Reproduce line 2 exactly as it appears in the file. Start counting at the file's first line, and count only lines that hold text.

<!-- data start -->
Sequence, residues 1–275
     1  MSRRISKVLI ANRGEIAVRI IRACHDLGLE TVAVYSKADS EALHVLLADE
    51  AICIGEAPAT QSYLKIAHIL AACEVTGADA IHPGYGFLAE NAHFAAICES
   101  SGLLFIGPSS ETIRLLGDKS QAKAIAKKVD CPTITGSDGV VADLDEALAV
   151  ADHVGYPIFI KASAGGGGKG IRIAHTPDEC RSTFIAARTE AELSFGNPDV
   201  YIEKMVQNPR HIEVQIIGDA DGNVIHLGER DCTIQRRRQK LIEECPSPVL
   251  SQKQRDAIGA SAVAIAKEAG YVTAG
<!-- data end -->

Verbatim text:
     1  MSRRISKVLI ANRGEIAVRI IRACHDLGLE TVAVYSKADS EALHVLLADE